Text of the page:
Friday, February 5, 2016

Bernie's kibbutz revealed!

Reporters at Ha'aretz dipped into the newspaper archives and discovered the smoking-gun to the "Where did Bernie volunteer?" mystery: in an interview with reporter Yossi Melman from 1990, the Bernie Sanders said he spent several months in 1963 on Kibbutz Sha'ar Ha' amakim in Western Galilee. Media are already sweeping the kibbutz, near Haifa, to learn more, although few people seem to have any memory of the young American who worked there before the big post-1967 wave of volunteers.

Anybody want to translate the original Ha'aretz story? Or more importantly, tell us if Kibbutz Sha'ar Ha' amakim has privatized since America's Best Known Socialist once worked there?

Friday, November 27, 2015

And we've got a winner!

... or at least a winning sub-title for my book. Technically, I think it was my editor who helped slash through the kudzu of potential taglines and help me arrive at the words that will appear under Love & Rockets. Drum roll, please!

Chasing Utopia in a Divided Israel

I think "Chasing" works better than the "Stumbling Towards" (too cute, too unclear) and conveys the sense that utopia — that dream of a better society — is always something we are in search of, the greener grass on the other side, the mirage on the horizon. It also (I hope!) suggests that the book is both about the kibbutz movement's search for utopia and my own quest to discover what became of that dream, 100 years after the first pioneers created Degania.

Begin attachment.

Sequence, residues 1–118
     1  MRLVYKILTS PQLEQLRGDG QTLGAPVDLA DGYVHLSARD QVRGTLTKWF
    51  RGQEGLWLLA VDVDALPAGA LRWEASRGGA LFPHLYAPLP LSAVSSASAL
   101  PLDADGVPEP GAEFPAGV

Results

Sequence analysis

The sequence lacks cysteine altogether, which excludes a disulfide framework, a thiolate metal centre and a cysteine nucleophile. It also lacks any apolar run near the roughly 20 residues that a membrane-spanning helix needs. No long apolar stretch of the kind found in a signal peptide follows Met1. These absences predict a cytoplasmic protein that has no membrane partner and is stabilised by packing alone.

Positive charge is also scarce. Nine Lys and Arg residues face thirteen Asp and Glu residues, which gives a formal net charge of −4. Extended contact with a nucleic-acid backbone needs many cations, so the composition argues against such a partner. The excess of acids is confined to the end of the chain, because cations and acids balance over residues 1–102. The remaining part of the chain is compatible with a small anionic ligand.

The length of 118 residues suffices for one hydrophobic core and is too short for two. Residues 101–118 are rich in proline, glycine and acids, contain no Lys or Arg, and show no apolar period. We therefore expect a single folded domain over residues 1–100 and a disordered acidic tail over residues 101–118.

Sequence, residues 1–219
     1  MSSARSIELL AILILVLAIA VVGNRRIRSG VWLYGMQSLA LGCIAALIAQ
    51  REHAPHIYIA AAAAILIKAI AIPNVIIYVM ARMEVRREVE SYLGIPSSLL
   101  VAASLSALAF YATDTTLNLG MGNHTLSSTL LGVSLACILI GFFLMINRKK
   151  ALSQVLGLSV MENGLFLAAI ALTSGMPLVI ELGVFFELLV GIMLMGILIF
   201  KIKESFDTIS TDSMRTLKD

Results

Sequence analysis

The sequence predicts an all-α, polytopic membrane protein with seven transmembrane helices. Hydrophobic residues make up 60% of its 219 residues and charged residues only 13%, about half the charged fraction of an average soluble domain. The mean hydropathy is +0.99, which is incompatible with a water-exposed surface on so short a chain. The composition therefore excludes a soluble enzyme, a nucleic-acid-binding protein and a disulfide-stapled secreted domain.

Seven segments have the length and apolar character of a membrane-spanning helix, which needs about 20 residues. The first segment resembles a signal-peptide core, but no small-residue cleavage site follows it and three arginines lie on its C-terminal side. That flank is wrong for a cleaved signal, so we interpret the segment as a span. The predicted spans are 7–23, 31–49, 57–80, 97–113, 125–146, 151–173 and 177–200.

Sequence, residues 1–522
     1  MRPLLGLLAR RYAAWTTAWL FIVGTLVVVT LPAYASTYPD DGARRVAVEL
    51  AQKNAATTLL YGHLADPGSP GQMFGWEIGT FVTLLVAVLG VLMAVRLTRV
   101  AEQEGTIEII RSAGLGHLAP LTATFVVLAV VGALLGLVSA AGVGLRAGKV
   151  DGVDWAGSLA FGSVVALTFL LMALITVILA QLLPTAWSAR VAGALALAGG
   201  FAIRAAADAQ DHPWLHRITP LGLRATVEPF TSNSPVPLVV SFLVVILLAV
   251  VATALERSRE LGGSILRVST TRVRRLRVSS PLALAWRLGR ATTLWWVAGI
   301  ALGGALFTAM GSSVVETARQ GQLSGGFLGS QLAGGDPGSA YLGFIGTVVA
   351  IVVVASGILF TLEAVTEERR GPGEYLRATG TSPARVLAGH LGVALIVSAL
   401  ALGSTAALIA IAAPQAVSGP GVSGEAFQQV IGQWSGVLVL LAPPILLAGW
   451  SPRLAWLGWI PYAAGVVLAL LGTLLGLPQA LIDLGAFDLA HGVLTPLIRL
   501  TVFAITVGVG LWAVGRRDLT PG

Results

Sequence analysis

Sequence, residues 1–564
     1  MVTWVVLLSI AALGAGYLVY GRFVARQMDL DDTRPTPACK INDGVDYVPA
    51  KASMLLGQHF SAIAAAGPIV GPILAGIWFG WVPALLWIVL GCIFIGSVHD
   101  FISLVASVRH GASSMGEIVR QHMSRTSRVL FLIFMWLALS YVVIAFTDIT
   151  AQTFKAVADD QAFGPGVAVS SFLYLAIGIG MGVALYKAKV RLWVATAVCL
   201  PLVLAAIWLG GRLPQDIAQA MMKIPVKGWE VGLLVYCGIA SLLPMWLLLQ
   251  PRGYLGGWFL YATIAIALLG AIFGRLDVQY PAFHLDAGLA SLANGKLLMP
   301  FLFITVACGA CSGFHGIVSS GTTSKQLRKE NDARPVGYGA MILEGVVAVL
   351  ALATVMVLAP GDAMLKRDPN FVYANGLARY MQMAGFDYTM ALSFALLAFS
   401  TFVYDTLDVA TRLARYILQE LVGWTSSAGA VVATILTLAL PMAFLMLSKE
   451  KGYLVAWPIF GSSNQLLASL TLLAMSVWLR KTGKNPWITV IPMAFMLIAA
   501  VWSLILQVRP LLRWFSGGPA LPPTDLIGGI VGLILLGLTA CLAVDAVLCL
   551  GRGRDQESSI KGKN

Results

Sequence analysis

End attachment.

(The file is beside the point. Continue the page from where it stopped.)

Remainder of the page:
So, the Chase is on. Next up: going through the editor's notes. ANother thorough fact-check. And hopefully some cover options to mull over.

Tuesday, November 10, 2015

Helen Mirren, kibbutz volunteer

British acting legend Helen Mirren was recently honoured in Los Angeles at the Israel Film Festival and spoke about her experiences in the country—including a stint as a volunteer on Kibbutz Ha'on six months after the Six Day War, when the first wave of foreign visitors arrived to kibbutzes across Israel to fill in for members called up for Army service to defend the country. She recalls sleeping on the beach in Eilat—a pleasure that I shared, too, although two decades later.

"That visit to Israel was one of the important building blocks, in my life," she told the audience. "The courage and the commitment of those early people working on the kibbutz that I was luck enough to meet briefly. These building blocks that make personal lives and that make countries."

Kibbutz Ha'on, however, is no longer a kibbutz. In 2007, the indebted community returned its land to the state and became a semi-cooperative moshav instead.

Monday, November 9, 2015

Insert [Sub-Title] Here

The good—no, great—news: my book has a publisher and a publication date. I'm thrilled to announced that ECW Press has acquired the world rights to my kibbutz book with a publication date of Fall 2016.

The manuscript is with an editor and I am working with the publisher and production staff to hash out the cover design and final title-sub-title combo... 

... which is the bad-ish news: I'm stumped.

I'll be the first to admit that writing display copy was never my forte as a magazine editor. I was okay at it ("Land of the Lox" for a feature about indigenous fish-farming in BC!), but I also worked with other editors who were masters at the catchy title/subtitle combo. It's not easy.